The Standing Committee of China’s National People’s Congress (NPC), the country’s top legislature, adopted an amendment to the 2009 Food Safety Law on Friday [24 April 2015] with the heaviest penalties yet for offenders. With 154 articles, compared with 104 in the original law, the revamped Food Safety Law adds new articles and provisions on baby formula and online shopping…Full Article: China Daily Apr 2015
- The new food safety law will go into effect on 1 October 2015. The new law stipulates that infant formula producers must register their powdered milk formula with China’s food and drug regulator. In addition, the law has increased fines and punishments for producers who add inedible substances to their products as well as suppliers who sell illegal substances to producers. Lastly, the law requires online shopping retailers to register the identity of their vendors.
- The new law does not ban the use of 12 highly toxic pesticides including phorate and methomyl.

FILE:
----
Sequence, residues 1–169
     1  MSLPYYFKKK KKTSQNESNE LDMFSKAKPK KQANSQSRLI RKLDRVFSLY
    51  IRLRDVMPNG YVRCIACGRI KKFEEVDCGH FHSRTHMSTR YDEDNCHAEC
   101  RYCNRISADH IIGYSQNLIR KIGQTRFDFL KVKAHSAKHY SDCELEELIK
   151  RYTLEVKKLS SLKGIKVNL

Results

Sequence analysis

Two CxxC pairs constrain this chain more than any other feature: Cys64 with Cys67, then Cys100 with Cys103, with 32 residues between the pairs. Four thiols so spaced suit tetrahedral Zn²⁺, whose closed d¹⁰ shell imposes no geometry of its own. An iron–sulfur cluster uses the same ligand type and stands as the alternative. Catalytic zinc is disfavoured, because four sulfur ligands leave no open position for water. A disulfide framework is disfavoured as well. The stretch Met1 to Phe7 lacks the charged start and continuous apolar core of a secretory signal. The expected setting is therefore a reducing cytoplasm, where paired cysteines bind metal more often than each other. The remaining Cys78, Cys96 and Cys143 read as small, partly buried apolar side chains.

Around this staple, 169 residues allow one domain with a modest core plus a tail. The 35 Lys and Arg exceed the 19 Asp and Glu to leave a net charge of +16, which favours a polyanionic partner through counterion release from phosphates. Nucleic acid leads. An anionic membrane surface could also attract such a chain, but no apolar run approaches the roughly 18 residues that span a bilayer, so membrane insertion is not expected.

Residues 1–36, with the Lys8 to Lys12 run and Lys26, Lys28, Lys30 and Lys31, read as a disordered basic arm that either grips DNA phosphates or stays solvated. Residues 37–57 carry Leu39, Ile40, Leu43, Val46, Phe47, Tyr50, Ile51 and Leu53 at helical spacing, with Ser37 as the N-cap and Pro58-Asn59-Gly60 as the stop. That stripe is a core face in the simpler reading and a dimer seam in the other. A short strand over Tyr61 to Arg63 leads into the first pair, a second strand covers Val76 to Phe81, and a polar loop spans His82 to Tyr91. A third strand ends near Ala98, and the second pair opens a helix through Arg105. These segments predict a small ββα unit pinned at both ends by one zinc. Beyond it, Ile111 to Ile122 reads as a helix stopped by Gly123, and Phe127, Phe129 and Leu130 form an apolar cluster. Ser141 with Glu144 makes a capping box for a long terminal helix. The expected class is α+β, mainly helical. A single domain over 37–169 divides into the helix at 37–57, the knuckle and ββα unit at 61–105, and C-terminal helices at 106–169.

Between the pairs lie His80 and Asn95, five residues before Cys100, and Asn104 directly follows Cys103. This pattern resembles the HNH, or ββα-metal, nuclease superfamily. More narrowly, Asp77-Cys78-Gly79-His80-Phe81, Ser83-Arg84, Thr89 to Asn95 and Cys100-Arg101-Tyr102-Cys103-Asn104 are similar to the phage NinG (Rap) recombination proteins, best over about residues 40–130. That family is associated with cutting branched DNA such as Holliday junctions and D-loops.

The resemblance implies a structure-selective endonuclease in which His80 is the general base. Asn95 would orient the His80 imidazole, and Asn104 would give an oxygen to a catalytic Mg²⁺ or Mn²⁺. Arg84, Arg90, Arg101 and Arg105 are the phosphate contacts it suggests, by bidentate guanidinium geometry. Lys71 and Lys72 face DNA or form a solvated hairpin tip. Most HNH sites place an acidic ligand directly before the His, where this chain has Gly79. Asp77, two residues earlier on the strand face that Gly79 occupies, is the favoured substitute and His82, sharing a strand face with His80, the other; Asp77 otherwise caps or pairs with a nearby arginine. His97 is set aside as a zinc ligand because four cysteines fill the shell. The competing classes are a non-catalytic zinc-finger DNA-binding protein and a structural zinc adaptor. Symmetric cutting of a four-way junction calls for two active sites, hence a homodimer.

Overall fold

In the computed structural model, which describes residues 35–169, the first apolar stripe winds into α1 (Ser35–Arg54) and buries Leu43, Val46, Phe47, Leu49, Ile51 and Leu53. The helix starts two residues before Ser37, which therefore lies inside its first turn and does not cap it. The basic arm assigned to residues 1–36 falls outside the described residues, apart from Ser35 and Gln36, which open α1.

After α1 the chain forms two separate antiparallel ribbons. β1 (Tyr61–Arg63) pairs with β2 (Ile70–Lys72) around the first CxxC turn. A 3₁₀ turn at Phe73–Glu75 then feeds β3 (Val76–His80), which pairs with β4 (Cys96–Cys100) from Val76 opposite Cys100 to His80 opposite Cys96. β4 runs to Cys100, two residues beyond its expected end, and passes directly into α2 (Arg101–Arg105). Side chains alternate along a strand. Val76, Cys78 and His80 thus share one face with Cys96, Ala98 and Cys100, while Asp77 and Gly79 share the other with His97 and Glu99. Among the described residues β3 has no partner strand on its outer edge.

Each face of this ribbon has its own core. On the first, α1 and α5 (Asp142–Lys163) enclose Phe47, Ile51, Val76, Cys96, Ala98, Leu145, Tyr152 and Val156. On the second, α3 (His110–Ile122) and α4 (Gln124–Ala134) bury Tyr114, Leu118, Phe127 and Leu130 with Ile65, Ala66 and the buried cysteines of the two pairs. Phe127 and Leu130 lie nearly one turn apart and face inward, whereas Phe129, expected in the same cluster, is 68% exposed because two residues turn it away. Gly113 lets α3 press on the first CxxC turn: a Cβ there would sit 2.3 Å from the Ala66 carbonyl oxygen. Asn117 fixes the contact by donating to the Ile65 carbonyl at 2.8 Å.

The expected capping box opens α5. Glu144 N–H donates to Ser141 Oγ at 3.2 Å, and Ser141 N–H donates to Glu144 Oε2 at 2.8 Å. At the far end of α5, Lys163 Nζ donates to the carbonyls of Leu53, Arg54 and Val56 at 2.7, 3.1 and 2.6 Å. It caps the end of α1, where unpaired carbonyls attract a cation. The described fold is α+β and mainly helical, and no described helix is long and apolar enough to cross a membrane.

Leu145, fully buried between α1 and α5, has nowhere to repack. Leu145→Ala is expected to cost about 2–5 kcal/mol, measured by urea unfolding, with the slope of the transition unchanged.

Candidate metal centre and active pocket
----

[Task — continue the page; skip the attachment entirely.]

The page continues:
- In August 2014, China’s Ministry of Agriculture and the National Health and Family Planning Commission issued new/stricter maximum allowable residue (MRL) standards that covered 387 pesticides on 284 different types of food. The new standards covered juice and preserved fruits for the first time ever, in addition to vegetables, fruits, grain, edible oil, sugar, soft drinks, nuts, eggs, and meat.
- In June 2014, Vietnam notified China that fruit and vegetable imports from Guangxi, Yunnan and Shanghai contained excessive amounts of pesticide residue.
- In May 2013, farmers in Shandong province were found to be using an illegal and highly toxic pesticide to grow ginger. One result was that Vietnam stepped up ginger inspections even though it does not undergo food safety tests since import volumes are generally so low.
- In 2012, aldicarb (used to control nematodes and insect pests) was suspected in the deaths of 13 people in Anhui province after they reportedly ate cucumbers laced with the pesticide.
- In 2012, apple producers in Shandong province were accused of wrapping apples in pesticide-coated paper to maintain its appearance.